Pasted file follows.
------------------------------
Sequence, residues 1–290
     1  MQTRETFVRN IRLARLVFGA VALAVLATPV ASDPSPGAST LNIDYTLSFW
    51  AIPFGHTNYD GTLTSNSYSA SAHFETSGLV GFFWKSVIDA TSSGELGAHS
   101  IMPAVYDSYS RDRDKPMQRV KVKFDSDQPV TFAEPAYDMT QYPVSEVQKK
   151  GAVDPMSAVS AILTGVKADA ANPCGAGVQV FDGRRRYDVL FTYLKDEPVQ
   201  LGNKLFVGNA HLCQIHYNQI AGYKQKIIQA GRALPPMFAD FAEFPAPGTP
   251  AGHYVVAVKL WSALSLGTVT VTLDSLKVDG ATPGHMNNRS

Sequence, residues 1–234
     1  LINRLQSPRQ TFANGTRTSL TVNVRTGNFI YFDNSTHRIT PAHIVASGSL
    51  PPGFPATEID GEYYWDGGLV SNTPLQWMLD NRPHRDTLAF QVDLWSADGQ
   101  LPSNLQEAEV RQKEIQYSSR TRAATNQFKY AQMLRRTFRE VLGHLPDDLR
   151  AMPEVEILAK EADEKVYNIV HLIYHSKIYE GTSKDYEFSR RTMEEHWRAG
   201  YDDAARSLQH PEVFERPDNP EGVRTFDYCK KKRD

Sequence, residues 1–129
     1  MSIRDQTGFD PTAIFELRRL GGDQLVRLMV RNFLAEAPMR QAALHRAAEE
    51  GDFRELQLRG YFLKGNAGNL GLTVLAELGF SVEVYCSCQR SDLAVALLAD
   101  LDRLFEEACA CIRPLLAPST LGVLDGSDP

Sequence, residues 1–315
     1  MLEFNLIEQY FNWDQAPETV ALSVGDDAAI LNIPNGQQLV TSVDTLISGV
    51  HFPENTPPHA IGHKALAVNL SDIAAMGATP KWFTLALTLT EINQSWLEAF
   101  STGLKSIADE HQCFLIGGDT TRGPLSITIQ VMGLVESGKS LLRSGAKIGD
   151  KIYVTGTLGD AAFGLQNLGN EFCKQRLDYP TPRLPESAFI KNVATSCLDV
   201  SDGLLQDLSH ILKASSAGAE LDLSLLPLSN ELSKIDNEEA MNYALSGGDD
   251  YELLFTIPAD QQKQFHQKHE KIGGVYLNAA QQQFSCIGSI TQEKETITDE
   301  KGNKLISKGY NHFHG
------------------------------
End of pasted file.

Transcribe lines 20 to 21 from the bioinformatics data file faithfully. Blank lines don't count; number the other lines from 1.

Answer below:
    51  HFPENTPPHA IGHKALAVNL SDIAAMGATP KWFTLALTLT EINQSWLEAF
   101  STGLKSIADE HQCFLIGGDT TRGPLSITIQ VMGLVESGKS LLRSGAKIGD